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he showed up weighing 251 pounds, 26 more than he weighed at the end of last season and 15 more than he weighed when he showed up the previous spring.
If Mattingly is fed up with him, I'm sure there are plenty of other teams willing to deal with Puig's "issues."
It's only a matter of time until this guy gets his ass kicked by someone. Everything about him screams out "disrespectful punk".
Speaking of which, I love how the bad karma the Braves accumulated from repeatedly drilling him last year is still ####### them in the ass ten ways to Sunday, as their pitchers are dropping like flies. Heyward's shattered jaw was obviously just the first of many indignities to come.
Always nice to know teams will look the other way when people drink and drive as long as they hit well.
There's a reason why the sabermetric crowd coined the phrase, Thrown Out On The Basepaths Like A Nincompoop.
An unasked question is why do these sorts of blunders -- and we can include fielding blunders here too -- aggravate "us" so much more than other blunders.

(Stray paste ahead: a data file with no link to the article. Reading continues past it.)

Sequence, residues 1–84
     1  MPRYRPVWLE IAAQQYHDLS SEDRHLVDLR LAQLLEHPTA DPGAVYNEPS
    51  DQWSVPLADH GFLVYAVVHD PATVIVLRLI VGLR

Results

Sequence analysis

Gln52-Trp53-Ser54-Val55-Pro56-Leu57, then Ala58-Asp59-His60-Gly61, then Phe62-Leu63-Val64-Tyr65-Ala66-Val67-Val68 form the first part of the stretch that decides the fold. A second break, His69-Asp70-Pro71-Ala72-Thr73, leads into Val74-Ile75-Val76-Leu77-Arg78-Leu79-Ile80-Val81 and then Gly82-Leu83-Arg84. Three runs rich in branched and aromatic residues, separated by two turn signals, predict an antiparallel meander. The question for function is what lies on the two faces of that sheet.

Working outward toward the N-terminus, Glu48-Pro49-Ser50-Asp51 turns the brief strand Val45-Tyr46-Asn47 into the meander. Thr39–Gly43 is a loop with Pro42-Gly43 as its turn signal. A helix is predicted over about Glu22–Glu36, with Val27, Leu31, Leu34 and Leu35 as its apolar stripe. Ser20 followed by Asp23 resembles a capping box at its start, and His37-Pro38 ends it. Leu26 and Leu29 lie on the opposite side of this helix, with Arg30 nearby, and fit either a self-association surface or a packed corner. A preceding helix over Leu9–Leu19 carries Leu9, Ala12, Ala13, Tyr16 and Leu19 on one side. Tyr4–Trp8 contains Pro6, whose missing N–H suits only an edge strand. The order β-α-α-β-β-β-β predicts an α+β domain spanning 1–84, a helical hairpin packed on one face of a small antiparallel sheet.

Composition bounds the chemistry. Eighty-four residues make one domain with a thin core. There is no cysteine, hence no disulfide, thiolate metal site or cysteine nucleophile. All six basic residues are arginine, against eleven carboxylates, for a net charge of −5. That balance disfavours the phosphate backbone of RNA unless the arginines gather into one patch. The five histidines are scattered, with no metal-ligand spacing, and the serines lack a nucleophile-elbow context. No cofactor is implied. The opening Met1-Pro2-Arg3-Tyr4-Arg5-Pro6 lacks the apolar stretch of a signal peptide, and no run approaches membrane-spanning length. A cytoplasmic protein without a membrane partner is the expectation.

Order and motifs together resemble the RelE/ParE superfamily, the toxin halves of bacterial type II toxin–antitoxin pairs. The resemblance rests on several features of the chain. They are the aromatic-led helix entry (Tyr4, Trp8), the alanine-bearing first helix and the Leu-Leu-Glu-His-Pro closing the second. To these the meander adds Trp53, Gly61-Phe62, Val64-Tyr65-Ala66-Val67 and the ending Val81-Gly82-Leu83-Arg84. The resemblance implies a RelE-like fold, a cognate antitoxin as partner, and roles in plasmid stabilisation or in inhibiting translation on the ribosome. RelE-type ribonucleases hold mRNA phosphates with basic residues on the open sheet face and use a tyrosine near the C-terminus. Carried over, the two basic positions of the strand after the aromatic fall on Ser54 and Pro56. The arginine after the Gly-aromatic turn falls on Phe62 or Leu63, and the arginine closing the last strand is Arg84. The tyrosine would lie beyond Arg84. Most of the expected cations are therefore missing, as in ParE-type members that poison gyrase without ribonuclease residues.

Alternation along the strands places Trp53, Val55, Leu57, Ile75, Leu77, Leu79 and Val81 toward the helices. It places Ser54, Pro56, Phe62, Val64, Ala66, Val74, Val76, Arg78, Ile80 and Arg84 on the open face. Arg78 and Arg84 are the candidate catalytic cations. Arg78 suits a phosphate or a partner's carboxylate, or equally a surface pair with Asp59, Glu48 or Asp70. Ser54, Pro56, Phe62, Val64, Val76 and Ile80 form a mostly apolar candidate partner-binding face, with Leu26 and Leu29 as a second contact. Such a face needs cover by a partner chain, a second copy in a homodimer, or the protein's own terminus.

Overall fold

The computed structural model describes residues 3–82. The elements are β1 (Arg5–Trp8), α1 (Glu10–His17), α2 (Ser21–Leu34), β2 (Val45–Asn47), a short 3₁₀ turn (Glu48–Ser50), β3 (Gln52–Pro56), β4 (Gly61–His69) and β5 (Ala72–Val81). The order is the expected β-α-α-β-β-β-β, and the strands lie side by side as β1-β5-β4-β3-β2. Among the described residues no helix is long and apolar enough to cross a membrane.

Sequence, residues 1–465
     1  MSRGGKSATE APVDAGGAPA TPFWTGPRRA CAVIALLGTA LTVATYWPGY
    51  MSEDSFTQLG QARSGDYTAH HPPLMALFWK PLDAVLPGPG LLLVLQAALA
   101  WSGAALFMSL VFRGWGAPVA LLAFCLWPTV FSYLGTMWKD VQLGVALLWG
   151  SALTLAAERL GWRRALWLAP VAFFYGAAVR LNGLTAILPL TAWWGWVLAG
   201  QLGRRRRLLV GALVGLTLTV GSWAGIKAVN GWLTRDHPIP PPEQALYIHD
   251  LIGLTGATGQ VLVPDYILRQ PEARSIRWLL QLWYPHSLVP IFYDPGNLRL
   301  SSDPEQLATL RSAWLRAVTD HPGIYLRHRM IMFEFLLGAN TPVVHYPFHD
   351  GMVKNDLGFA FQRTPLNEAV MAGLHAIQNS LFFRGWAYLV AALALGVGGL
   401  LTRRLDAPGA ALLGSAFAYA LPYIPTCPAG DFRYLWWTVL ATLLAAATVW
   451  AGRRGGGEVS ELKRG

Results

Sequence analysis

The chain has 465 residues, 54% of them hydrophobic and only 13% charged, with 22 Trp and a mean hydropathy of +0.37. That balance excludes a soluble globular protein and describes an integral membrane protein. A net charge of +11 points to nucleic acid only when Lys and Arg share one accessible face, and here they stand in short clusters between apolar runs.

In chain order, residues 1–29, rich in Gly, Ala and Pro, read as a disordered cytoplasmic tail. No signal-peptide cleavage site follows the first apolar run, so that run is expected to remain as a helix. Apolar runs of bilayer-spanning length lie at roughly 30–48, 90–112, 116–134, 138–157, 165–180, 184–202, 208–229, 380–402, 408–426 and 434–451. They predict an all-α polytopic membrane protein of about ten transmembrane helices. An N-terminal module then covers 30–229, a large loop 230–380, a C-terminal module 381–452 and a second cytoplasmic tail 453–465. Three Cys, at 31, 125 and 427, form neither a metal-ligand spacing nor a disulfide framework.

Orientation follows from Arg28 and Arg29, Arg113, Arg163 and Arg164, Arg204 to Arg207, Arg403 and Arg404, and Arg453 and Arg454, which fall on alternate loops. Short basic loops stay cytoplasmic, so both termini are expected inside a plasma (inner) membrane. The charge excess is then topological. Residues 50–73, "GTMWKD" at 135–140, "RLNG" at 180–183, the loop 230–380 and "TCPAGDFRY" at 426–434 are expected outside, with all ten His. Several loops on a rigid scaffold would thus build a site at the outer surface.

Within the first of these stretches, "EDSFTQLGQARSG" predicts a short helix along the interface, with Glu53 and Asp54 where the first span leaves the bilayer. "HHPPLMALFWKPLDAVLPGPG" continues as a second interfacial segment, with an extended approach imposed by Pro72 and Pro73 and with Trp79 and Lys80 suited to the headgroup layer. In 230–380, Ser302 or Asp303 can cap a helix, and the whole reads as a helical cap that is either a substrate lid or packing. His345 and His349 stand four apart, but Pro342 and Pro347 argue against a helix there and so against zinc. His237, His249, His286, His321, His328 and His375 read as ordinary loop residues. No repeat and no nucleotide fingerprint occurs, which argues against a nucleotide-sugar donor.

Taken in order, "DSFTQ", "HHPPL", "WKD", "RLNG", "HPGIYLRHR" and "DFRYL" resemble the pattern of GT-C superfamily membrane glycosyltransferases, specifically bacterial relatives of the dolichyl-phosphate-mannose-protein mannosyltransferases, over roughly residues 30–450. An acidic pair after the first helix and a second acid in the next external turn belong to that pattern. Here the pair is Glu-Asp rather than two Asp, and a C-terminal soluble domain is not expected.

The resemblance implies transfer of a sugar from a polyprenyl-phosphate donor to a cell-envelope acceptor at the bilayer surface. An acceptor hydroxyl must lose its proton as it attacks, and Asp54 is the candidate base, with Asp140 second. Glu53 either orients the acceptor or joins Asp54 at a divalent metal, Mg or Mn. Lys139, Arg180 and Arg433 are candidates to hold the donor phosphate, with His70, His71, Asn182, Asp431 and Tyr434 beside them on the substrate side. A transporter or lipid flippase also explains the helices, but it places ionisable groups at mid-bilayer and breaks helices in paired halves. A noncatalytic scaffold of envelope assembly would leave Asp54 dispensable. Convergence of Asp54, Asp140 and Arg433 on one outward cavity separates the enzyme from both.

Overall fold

I'm telling you you're wrong. I'm telling you they are certainly no more and likely less avoidable than Escobar's flailing
But we all think we know the situation while watching it safely from our seats. That leads to a certainty that those mistakes are easy to avoid, but that wasn't how it was for me in my rudimentary experience with the game
According to tootblan.tumblr.com,
OTOH, some orioles fans b*tch and moan endlessly about the fact that Adam Jones can't lay off low and away sliders, which annoys me to no end. Yes, he'd be a much better player if he did, but it's not like he just decided "screw it, I'd rather strike out." He doesn't recognize the pitch! (His fielding, particularly his tendency to drift back on balls rather than running to a spot, is a more reasonable criticism IMO.)
Right, but in each sport, there are actual things that are more or less attributable to hard work or talent.
You mean basic, rudimentary plays like laying off a pitch in the dirt or a foot outside or being able to adequately field a position you've been playing for at least a decade or keeping your weight under control or taking a decent route to a flyball? There's no excuse for any of those. Those are every bit as much a mental mistake as getting caught off base,
Being in shape, running hard on the bases or in the field, knowing what the game situation is, concentrating on each pitch, etc., are far more about hard work and comittment than natural talent. That's why it pisses off fans and management so much when guys flub these aspects.